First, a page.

By Crystal Chung @crystalkchung
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Captured on camera by zoologist and wildlife photographer Mark Carwardine, the rays, known to local fisherman as ’flying tortillas’, measure just over three feet in width.
Carwardine encountered the rays demonstrating their acrobatic skills by bursting out of the water with their wings outstretched off the East coast of Baja, Mexico.
He said: “I spend every winter running whale-watching trips in Baja California, Mexico – it’s one of my favourite places on the planet – and, on my most recent trip, we saw something quite extraordinary.
“First, there were a few splashes on the horizon.
"We thought they were dolphins but then, as we grew closer to investigate, we realised they were Munk’s mobula rays.
"One after another, sometimes several at once, they were leaping out of the water, flapping their wings as if they were trying to fly.”
Spotted in Baja, Mexico the huge schools of Munk’s mobula rays, also known as Munk’s devil rays, can appear without warning, creating a spectacular natural phenomenon.
But catching the elusive animals on camera is easier said than done as their acrobatic nature makes photographing them extremely difficult.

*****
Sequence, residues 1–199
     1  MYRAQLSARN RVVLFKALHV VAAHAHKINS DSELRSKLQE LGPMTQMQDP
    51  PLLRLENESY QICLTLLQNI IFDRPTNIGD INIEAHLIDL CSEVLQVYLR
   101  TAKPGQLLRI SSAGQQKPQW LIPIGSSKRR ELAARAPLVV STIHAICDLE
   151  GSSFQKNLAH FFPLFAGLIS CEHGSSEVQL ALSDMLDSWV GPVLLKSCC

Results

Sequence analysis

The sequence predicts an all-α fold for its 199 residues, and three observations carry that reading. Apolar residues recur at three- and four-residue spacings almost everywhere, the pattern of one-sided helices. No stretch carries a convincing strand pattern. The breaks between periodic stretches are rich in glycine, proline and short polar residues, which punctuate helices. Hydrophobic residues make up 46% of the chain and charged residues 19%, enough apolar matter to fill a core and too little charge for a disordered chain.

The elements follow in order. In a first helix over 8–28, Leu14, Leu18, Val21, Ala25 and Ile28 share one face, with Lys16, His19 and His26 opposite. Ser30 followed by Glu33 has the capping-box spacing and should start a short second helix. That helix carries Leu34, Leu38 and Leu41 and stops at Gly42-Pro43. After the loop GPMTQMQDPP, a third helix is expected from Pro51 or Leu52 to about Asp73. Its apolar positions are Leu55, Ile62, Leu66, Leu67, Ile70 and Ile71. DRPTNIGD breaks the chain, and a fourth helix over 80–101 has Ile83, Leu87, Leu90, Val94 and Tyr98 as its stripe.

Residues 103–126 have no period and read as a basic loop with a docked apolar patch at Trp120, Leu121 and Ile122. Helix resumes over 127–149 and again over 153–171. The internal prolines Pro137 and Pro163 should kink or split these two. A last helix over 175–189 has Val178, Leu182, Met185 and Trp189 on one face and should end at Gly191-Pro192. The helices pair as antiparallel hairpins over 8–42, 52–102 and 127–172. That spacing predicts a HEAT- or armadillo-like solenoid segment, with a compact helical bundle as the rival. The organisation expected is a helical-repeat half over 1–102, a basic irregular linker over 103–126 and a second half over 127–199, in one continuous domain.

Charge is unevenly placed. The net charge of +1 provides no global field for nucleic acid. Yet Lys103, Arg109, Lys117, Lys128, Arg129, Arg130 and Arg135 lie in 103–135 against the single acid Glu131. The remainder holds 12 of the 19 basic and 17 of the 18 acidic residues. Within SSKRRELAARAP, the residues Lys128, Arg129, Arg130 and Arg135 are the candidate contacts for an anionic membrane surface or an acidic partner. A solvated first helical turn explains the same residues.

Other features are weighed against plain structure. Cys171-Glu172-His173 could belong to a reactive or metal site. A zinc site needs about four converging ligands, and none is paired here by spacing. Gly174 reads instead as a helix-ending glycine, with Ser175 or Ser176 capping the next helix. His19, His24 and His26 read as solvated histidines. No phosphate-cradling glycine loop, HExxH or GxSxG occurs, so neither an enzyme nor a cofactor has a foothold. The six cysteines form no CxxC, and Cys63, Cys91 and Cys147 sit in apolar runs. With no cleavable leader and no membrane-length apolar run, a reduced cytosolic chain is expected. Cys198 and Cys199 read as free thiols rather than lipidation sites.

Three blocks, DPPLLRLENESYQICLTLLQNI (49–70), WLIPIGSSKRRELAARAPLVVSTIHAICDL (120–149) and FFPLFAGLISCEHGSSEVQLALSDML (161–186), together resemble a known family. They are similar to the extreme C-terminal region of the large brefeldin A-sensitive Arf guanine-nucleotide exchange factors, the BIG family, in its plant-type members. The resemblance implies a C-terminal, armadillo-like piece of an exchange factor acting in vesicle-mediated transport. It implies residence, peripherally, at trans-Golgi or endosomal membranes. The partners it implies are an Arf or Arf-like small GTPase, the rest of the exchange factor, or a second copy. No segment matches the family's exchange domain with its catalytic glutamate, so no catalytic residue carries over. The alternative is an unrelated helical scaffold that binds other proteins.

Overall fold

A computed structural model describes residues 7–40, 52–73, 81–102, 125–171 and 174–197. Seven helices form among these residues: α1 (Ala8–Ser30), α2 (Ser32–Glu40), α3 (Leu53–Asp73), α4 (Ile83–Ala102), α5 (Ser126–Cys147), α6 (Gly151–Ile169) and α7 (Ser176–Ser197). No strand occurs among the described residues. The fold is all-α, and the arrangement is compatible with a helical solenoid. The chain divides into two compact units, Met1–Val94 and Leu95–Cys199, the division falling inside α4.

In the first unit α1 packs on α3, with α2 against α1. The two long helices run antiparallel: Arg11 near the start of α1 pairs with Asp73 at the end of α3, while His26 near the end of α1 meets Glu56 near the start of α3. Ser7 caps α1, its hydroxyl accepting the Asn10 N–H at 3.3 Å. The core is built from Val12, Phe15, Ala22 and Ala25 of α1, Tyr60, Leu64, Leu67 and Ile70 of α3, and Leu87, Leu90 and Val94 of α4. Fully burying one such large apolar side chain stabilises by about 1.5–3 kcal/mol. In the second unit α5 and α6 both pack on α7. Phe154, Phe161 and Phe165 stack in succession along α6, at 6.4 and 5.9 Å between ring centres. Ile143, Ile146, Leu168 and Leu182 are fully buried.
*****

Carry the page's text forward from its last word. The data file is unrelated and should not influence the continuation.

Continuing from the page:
Mark said: “Everyone on board was smiling and laughing and even applauding. It’s hard not to.
"They looked so comical with their random leaps – often landing back in the water with a belly flop and a resounding smack – and spectacular back flips.
“They were incredibly difficult but great fun to photograph. Every time one jumped I had a split second to react and line up the camera before it disappeared again beneath the surface.”
Closely related to sharks but with long, flat bodies and wing-like pectoral fins, mobula rays are ideally suited to swooping through the water yet seem equally at home in the air.
The jaw-dropping aerial drone footage shows the school of many thousands of the ‘flying rays’ slowly swimming in formation.
The zoologist said: “None of us realised the extent of the spectacle until I launched my drone to have a look from the air.
"From the deck, we imagined a few dozen rays under the water. But then we saw the astonishing scale of what was all around us – thousands upon thousands of rays, goodness knows how many layers deep, covering a vast area of sea, and all swimming slowly in the same direction.
“We could see them right alongside the boat – they were completely unfazed by our presence.
"Every few seconds one would leave the safety of the school, for no obvious reason, and race up towards the surface to perform its acrobatics.
“No one knows why Munk’s mobula rays leap into the air like this.
"Various theories over the years have included everything from dislodging parasites to play.
"But my theory, having watched them from the air, is that it might be a way of ‘calling in’ the massive school for mating purposes.
"Much more research will be needed, of course, before we know for sure.”
The animal expert added: “Whatever the motive, this was certainly an encounter none of us will never forget, and the two-hour display continued through sunset and beyond.
"As we headed off into the darkness, we could still hear the slaps on the water surface.”